There are many bio-based solvents and additives currently used in paints and coatings industry. Out of that bio-based surfactants continue to gain market share owing to concerns about sustainability and the long-term availability of petrochemical feedstocks.

New technologies are making it easier than ever to make such products from nonfood feedstocks. Technically, everything that can be made from petroleum-based feedstocks can now be made from biomaterials, with the dream of going 100% bio being limited only by nontechnical factors such as price, reliability of supply, and labeling.

BTX is the abbreviation for the aromatics benzene, toluene and xylene; components that are mainly used as solvent as well as in the production of polyamides, polyurethanes and polyesters. The current production volumes in Europe are around 13,000k ton/year[45]. (Para-xylene can be isolated from BTX. (Fig. 19)


Fig. 19

Para-xylene is one of the three isomers of xylene (the X in BTX). It is an important building block as oxidation of para-xylene yields terephthalic acid. Para-xylene can be produced from BTX but also via fermentation of isobutanol. Terephthalic acid is obtained by oxidation of para-xylene. As described above, a large number of companies and research institutes is working on biobased terephthalic acid.

Ethanol is a building block that is currently produced mainly by yeast fermentation of sugar-rich and starch- rich biomass like sugar cane (Brazil) or maize (North America), so-called first generation biomass. Globally, some 86,000 kton of bio-ethanol is produced each year[46]

The industrial production of ethanol from second generation biomass such as lignocellulose is rapidly developing.[47] Ethanol is widely used as a solvent for paints.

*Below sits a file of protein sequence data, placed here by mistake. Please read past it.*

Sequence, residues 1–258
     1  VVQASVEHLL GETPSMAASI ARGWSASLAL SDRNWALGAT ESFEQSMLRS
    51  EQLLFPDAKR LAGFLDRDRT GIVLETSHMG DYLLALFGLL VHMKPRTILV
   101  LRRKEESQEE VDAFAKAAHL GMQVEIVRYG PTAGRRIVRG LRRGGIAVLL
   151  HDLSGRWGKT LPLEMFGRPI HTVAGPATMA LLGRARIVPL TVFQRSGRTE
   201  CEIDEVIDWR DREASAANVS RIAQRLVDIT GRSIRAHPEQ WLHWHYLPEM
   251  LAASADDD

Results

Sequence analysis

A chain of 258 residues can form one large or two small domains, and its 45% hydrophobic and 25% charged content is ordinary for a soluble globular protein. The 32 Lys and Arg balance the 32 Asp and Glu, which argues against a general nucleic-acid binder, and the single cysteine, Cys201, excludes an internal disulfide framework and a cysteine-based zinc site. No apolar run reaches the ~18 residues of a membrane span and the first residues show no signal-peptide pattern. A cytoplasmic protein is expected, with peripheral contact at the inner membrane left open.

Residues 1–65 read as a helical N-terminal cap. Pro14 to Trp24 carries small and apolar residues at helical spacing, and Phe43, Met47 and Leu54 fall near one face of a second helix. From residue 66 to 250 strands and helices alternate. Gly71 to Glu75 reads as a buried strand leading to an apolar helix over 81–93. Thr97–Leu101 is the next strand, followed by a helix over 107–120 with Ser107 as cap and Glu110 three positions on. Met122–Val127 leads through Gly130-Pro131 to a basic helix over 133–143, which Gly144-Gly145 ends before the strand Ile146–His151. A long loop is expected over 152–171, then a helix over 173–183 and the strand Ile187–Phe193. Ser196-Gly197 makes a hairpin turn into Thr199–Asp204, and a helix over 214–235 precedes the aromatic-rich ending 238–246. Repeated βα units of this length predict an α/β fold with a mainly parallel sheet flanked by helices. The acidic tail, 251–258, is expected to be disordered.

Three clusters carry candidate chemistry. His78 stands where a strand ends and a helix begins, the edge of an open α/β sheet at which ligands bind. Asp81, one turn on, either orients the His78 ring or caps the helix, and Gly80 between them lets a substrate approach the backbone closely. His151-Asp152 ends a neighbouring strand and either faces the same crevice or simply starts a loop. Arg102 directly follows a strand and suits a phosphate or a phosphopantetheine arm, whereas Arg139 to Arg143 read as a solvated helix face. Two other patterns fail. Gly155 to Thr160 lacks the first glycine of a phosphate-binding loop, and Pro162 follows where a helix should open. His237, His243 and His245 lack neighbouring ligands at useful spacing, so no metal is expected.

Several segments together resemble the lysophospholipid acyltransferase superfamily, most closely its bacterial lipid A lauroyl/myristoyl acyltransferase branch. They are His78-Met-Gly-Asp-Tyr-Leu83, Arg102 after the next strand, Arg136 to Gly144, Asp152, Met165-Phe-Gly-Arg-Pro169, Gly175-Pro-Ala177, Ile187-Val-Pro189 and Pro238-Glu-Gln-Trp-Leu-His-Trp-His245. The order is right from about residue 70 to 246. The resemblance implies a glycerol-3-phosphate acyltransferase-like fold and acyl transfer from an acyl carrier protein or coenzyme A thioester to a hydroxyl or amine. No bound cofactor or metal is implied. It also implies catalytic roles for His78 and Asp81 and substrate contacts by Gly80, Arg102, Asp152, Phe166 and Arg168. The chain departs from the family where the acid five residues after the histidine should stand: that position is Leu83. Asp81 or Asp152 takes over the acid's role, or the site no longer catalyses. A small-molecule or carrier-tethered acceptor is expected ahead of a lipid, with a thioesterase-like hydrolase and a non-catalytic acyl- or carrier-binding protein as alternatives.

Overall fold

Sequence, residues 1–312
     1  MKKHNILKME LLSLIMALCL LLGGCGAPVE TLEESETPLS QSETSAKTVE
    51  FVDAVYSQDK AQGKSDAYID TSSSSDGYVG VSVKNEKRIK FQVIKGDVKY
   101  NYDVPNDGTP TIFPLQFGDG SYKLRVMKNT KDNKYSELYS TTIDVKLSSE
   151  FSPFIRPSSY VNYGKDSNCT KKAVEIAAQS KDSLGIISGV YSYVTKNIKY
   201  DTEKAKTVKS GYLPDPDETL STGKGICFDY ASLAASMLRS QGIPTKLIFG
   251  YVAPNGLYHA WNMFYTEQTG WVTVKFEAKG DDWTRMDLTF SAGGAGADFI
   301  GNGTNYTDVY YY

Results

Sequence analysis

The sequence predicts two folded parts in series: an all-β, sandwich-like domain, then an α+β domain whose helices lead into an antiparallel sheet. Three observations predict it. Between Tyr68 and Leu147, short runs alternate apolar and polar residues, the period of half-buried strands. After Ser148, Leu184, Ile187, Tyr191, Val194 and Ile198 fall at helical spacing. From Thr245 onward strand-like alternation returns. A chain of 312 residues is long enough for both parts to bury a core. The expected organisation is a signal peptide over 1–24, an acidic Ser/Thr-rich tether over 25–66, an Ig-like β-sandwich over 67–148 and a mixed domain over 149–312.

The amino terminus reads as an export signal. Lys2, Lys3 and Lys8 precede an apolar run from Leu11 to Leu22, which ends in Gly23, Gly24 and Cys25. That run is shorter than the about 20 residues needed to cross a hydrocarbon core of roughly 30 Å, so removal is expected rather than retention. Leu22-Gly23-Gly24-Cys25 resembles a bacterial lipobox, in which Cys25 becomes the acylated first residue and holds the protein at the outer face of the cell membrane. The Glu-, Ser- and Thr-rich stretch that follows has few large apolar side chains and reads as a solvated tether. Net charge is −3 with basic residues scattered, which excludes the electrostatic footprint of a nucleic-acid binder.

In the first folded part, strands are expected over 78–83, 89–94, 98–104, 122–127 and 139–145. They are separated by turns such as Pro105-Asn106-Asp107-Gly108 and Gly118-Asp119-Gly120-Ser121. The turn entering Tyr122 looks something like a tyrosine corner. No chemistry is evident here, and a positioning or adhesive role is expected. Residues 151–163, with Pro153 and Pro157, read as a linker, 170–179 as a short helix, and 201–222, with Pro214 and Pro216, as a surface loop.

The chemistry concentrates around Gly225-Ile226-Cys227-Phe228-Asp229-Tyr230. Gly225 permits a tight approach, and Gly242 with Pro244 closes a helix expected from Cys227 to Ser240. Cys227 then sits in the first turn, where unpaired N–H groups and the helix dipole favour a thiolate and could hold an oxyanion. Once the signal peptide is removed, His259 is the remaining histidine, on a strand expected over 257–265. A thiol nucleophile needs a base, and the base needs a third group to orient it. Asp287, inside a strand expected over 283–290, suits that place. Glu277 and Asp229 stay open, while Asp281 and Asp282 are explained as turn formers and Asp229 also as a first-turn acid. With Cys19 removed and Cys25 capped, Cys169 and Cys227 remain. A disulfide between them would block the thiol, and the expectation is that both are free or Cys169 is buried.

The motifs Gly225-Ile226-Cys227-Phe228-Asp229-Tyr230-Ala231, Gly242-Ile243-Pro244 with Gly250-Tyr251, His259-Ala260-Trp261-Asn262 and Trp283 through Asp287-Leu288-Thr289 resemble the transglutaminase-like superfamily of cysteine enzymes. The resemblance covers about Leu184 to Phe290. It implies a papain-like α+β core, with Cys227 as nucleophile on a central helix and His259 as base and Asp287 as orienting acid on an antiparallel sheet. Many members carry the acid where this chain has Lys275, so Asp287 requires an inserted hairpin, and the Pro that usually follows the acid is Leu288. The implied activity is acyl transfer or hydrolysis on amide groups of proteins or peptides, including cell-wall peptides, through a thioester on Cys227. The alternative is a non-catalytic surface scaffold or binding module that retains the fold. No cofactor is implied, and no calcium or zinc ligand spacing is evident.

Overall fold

Isopropanol is currently mainly used as a solvent in coatings, but it can also serve as a raw material for propylene. The fermentation of sugars into isopropanol and this is described in a number of patents[48] [49]

n-Butanol is a chemical building block with a current production volume of 2,300 kton/year[50] Like isobutanol it is one of the isomers of butanol. It is used as a solvent in paints and coatings. n- butanol can also be used as a chemical building block for the production of e.g. 1-butene.

Tannic Acid is commercial form of Tannin. It is a polymer of Gallic acid molecules and glucose. It is contained in roots, husks, galls and leaves of plants. It is also found in bark of trees (oak, walnut, pine, mahogany). Tannic Acid is used in tanning of leather, staining wood, a mordant for cellulose fibers, dyeing cloth. It is used as conversion coating to prevent corrosion of iron, zinc, copper and their alloys. The (ortho) hydroxyls react with metals forming metal-tannic acid complexes, which protect metal from rusting.[51]

Lignin is produced worldwide annually as residue in paper production processes.Lignin contains hydroxyl, carboxyl, benzyl alcohol, methoxyl, aldehydic and phenolic functional groups. It adsorbs on the metal surface and is capable of forming a barrier between the metal and corrodents[52] .

Challenges